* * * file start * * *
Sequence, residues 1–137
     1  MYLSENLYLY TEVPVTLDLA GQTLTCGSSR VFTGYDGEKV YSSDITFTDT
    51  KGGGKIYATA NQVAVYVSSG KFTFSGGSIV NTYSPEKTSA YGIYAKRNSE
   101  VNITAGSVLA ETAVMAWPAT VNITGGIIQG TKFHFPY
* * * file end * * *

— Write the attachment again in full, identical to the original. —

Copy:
Sequence, residues 1–137
     1  MYLSENLYLY TEVPVTLDLA GQTLTCGSSR VFTGYDGEKV YSSDITFTDT
    51  KGGGKIYATA NQVAVYVSSG KFTFSGGSIV NTYSPEKTSA YGIYAKRNSE
   101  VNITAGSVLA ETAVMAWPAT VNITGGIIQG TKFHFPY